“While the cardinals are trying to find the next pope, Paolo Gabriele, the man responsible for VatiLeaks, seems to be enjoying life.”
Cardinal Stanislaw Dziwisz, who was secretary of John Paul II and is now the archbishop of Kraków, voiced his disapproval at Benedict’s resignation: “A pope can’t come down from the cross.”
Even those who do not disapprove are uneasy about possible consequences — will it put future popes under greater pressure to step down if they are sick or take unpopular decisions? Moreover, having two popes at the same time has been one of the Catholic Church’s nightmares for centuries. But the new pope will have Pope Emeritus Benedict XVI living in the Vatican no farther away than a long golf drive. Benedict has promised obedience, but those who disapprove see a potential there for division.
Others welcome Benedict’s gesture, which he said was due to a lack of the energy to function adequately, as opening the way for an invigorated church.
Changes will be made. But there are different ideas of what is needed. For some a strong, competent secretary of state would ensure fewer gaffes by the pope, fewer scandals and leakage of documents and more efficiency. The conclave negotiations could concern not only who be chosen as pope but also which secretary of state he would have.
Other cardinals think the problem of governance goes deeper, that the papacy is too much for any one man, that the pope should take decisions with representatives of his fellow bishops and the Roman Curia. In the words of Cardinal Christoph Schonborn, Archbishop of Vienna, “a servant of the pope and not a substitute for him”.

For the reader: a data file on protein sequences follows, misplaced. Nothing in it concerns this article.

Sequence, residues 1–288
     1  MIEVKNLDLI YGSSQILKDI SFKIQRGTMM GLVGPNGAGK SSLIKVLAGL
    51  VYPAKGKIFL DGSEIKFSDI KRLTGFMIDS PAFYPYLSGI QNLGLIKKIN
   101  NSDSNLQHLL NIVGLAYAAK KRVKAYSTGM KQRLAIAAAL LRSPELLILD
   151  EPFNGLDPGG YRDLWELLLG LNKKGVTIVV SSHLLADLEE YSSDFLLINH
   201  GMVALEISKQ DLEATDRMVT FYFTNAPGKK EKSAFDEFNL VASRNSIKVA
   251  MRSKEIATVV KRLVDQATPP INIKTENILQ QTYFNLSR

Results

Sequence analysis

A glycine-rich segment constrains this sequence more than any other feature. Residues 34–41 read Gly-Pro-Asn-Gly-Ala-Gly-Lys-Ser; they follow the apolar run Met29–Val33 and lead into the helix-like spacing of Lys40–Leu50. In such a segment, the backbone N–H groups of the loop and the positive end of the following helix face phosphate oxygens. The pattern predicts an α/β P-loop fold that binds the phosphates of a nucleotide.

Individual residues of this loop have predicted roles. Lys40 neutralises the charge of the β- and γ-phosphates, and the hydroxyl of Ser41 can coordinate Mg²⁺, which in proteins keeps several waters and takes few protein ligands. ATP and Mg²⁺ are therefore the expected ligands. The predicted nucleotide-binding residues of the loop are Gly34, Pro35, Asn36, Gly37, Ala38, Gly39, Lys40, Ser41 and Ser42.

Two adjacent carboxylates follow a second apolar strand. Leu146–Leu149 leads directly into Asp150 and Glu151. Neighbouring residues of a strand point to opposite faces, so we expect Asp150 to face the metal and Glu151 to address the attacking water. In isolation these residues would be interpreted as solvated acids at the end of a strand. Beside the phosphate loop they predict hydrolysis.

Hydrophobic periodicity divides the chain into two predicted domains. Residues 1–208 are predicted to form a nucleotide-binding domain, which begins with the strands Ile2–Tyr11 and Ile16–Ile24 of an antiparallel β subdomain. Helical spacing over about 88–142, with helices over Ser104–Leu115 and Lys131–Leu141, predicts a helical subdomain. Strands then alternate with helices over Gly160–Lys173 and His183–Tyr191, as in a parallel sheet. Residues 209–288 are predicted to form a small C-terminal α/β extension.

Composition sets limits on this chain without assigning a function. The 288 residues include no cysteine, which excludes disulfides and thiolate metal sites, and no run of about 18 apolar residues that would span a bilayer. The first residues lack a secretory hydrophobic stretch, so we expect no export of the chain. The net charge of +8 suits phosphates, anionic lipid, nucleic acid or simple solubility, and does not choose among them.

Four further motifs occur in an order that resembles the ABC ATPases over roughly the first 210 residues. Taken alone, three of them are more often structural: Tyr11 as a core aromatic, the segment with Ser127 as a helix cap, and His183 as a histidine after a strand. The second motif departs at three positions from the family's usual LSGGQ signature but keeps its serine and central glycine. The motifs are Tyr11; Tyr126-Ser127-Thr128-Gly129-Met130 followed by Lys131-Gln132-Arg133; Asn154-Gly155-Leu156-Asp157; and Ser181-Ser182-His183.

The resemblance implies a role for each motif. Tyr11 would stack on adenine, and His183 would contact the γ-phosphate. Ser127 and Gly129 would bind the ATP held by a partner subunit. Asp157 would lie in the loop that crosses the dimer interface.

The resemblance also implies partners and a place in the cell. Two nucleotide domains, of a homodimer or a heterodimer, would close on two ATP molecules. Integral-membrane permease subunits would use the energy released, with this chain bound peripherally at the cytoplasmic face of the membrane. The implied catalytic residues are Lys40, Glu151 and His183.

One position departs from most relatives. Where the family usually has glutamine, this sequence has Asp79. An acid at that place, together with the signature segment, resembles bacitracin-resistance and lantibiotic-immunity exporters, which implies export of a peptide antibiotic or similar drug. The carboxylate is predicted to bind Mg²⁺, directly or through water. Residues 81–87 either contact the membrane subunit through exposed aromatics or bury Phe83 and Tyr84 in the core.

Schonborn has been the most outspoken cardinal in his criticism of the Roman Curia. He figures in the list of papal possibles, which is made up of those who have the right combination of pastoral experience, knowledge of the Curia and society’s problems and the leadership qualities that will foster cohesion. The cardinals could choose someone from outside their group for this mission impossible, but they usually condemn one of their own members. Among the frontrunners are the austere Canadian Marc Ouellet who has experience in South America and heads the Vatican Congregation, which appoints bishops. There are several possible Italians, including energetic Angelo Scola, Archbishop of Milan, but he may be damaged because the current Vatican squabbles are attributed to Italian turf wars. If Latin Americans unite they could ensure the first Latin American pope.
While the cardinals are trying to find the next pope, Paolo Gabriele, the man responsible for VatiLeaks, seems to be enjoying life. Sentenced for 18 months, he was pardoned by Benedict. He now has a job in the administration of the Catholic hospital Gesù Bambino in Rome. The other day he was taking a bus near the Vatican, and several people approached to shake shook his hand because they recognised him from television: not a saint but a celebrity.
*Desmond O’Grady has been Vatican correspondent for The Washington Post and the US National Catholic Reporter.